Earnings at federally chartered thrifts soared nearly 45% to a record $1.8 billion during the first quarter, the Office of Thrift Supervision reported Monday.

Similarly, those thrifts' average return on assets jumped 30 basis points during the quarter to 0.96%, the agency reported.

"That level of ROA is comparable to what the industry earned back in the 1950s and early 1960s," acting OTS Director Jonathan Fiechter said.

However, Mr. Fiechter downplayed the significance of the record earnings by attributing much - approximately 60% - of the sharp increase to $387 million in one-time restructuring gains at five thrifts.

A more accurate picture of thrift profitability is presented by "core income," which excludes any earnings fluctuations resulting from mergers and acquisitions, Mr. Fiechter said. Core income rose during the first quarter, but only by 8 basis points, to 0.79% of average assets.

Deposits at federally chartered thrifts dropped by 7% to $8 billion during the first quarter, the OTS reported. Mr. Fiechter attributed this decline to the fact that thrifts generally pay 23 cents more than banks for deposit insurance. In order to fund loans, thrift managers are turning away from deposits and looking to wholesale funding, such as Federal Home Loan Bank advances.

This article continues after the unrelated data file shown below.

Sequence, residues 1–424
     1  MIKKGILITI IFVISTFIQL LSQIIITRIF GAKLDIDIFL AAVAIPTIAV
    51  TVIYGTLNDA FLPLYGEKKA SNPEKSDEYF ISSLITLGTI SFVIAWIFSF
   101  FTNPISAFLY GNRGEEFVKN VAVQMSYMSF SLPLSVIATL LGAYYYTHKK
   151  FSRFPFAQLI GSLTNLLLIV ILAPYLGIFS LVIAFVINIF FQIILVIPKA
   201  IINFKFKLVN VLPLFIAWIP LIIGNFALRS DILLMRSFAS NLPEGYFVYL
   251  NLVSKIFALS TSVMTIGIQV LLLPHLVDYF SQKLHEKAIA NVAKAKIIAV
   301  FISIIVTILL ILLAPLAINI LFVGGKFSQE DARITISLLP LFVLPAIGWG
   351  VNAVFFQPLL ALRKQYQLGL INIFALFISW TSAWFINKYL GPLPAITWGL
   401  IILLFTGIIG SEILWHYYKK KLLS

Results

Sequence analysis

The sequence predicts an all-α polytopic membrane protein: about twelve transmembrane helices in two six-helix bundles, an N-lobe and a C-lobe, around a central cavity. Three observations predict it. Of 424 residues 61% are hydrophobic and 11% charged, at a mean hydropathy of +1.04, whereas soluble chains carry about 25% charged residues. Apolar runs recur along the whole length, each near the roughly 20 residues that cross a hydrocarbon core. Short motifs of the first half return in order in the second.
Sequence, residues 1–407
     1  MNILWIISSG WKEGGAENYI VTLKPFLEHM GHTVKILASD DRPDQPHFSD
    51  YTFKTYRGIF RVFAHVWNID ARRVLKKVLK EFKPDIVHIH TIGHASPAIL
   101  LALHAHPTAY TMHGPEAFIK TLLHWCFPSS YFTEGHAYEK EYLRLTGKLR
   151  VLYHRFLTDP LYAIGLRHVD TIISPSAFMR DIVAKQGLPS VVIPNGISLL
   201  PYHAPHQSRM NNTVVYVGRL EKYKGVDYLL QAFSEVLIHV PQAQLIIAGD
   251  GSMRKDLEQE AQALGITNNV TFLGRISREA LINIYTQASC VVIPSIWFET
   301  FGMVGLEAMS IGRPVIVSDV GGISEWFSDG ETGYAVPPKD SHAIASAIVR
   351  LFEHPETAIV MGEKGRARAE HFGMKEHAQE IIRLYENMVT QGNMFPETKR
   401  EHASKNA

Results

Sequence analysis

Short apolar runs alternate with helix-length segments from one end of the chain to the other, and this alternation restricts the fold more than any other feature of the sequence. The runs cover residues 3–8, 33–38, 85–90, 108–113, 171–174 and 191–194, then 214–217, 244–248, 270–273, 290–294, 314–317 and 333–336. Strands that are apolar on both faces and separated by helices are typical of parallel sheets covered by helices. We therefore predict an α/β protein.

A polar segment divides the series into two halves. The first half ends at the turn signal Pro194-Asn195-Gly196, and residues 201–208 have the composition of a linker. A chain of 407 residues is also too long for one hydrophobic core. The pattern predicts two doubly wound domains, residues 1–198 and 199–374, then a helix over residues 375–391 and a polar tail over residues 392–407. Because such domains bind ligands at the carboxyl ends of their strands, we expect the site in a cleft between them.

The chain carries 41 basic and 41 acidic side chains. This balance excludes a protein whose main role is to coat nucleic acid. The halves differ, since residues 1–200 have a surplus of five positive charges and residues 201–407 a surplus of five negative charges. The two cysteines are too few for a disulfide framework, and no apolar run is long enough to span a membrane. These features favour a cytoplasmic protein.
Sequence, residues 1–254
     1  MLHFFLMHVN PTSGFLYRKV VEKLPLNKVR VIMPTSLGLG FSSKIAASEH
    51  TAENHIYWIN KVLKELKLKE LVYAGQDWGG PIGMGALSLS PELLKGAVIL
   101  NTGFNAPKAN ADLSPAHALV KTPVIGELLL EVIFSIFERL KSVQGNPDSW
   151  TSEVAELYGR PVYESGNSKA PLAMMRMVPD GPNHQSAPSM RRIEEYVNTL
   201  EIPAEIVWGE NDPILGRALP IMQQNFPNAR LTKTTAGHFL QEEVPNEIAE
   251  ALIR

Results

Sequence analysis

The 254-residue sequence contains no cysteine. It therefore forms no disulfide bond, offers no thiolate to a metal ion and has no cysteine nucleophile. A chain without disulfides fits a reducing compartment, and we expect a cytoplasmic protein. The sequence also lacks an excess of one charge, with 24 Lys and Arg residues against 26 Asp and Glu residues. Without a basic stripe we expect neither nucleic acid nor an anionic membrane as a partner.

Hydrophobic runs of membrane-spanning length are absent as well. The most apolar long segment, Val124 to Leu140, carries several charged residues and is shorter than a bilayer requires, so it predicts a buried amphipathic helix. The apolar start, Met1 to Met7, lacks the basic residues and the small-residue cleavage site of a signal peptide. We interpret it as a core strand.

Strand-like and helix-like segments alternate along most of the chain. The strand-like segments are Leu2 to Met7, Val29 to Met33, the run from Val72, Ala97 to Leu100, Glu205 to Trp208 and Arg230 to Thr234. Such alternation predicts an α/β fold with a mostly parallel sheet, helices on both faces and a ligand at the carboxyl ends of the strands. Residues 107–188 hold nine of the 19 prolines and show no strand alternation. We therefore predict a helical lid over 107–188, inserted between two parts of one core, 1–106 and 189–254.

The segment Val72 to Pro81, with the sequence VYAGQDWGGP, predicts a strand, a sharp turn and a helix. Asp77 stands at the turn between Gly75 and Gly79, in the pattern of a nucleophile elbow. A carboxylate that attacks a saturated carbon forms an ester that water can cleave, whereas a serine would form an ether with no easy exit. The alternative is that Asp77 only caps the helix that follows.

Use of these alternative funding sources shrinks the deposit base that funds interest payments on Financing Corp., or Fico bonds, raising the risk of default on these instruments, Mr. Fiechter said. These new funding sources also make thrifts more vulnerable to interest rate fluctuations, he added.

Banking industry representatives pointed to the positive first quarter results as a reason for Congress to hold off with legislation that would remove the premium differential. Banks have been balking at a provision in that bill that would require them to pay $600 million annually for 20 years to shore up the thrift fund.

"Clearly the premium differential between banks and thrifts has not impaired the S&L industry's ability to compete and make profits," said James Chessen, chief economist at the American Bankers Association.

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